Windows 8 Revisited

February 8, 2015 at 12:16 pm | Posted in uncategorized | 2 Comments

Back in the day, I wrote an article on Windows 8 and decided to avoid this Windows version. Many others did the same. It was designed for touch devices and I’m still very much a desktop keyboard & mouse power user. I’m used to multitasking various system intensive programs like PhotoShop, optical disc burning, and so forth. My tablet (Android) mostly gathers dust, though would see more use for reading had I the time. It’s also great for photo albums and other causal uses.

Recently however, the laptop I got for grad school has been running hot, a little burdened by years of long days. Windows 7 is now being phased out and is just getting security fixes. Windows 10 is yet to come (later this year). Other OS’s would require a major investment in time and money to shift to. And in the meantime, some of the tech authors who balked at Windows 8 originally have gradually shifted to it themselves. Especially with some of the fixes of v8.1.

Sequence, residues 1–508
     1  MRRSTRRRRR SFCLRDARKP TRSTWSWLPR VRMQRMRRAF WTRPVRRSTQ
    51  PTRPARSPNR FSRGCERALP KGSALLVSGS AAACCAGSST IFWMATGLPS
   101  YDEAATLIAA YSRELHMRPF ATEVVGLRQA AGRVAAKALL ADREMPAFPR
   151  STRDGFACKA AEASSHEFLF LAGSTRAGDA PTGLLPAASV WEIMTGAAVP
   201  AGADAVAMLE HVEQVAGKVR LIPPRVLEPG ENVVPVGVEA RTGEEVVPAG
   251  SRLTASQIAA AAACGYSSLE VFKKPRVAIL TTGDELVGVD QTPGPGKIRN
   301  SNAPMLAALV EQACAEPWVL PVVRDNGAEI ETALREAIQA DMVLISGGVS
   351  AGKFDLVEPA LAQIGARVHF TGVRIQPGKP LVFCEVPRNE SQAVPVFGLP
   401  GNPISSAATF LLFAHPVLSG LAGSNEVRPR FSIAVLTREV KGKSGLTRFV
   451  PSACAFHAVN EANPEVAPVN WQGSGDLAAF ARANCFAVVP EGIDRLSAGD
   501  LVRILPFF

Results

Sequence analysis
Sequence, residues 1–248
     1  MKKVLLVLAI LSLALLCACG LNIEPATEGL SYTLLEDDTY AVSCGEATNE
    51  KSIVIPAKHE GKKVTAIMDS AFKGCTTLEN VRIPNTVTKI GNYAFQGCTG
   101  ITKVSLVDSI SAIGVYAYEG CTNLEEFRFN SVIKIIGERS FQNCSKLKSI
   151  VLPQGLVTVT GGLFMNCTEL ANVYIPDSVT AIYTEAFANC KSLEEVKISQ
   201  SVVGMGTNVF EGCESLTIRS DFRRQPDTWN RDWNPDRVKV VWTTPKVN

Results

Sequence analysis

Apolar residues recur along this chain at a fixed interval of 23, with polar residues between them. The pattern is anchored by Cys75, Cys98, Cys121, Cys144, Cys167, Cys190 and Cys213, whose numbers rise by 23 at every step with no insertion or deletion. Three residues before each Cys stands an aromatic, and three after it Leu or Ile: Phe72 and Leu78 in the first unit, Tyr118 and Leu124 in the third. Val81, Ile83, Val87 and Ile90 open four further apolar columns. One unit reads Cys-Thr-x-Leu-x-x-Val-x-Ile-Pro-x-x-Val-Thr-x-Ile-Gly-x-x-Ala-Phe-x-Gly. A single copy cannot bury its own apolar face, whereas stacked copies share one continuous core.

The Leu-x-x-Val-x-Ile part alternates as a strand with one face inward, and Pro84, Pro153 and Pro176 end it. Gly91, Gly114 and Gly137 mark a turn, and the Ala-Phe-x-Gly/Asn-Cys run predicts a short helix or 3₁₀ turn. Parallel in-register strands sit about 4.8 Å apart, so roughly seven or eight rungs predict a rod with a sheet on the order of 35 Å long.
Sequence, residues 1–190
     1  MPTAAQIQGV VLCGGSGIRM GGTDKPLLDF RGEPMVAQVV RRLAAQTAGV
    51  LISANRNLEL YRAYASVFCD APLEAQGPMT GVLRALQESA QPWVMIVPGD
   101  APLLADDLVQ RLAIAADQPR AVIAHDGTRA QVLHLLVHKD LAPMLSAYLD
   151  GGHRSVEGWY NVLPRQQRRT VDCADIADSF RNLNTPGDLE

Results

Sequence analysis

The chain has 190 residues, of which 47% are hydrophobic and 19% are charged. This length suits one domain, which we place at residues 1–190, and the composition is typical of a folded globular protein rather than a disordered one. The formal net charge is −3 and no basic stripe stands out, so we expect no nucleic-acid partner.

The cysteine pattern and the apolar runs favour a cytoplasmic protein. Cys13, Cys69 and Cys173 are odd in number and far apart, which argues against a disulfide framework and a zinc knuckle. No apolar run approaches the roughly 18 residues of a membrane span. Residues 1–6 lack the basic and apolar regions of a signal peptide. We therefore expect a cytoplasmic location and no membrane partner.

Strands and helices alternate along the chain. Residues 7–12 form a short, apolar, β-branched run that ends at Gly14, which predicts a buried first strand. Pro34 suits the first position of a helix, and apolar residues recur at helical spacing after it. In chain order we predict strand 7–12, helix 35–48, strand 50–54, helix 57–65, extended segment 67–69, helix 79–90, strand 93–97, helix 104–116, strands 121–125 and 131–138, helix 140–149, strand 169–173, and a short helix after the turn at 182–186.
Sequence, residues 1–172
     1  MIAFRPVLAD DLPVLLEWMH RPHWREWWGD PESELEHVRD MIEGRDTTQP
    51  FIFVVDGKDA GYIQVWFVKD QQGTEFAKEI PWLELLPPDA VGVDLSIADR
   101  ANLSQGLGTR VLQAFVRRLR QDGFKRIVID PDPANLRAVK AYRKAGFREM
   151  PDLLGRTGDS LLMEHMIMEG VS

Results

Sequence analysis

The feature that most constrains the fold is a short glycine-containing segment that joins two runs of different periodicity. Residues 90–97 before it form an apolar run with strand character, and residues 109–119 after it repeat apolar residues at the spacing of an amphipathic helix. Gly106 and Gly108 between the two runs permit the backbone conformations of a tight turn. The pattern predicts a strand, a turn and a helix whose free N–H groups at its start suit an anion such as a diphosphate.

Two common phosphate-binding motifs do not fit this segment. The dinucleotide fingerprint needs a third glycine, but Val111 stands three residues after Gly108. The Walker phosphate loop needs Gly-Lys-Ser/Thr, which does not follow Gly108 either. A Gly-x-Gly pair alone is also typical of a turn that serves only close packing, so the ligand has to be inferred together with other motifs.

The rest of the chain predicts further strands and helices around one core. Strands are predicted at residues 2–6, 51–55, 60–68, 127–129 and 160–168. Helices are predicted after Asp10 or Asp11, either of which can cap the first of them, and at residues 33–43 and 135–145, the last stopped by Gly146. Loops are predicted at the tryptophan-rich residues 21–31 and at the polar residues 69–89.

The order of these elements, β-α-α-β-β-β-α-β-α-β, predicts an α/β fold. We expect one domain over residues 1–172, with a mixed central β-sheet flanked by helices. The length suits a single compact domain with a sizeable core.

Key to a reasonably happy transition is a few key changes. On a non-touch device you want to default to the desktop. And you want a Start menu to get at stuff in familiar ways.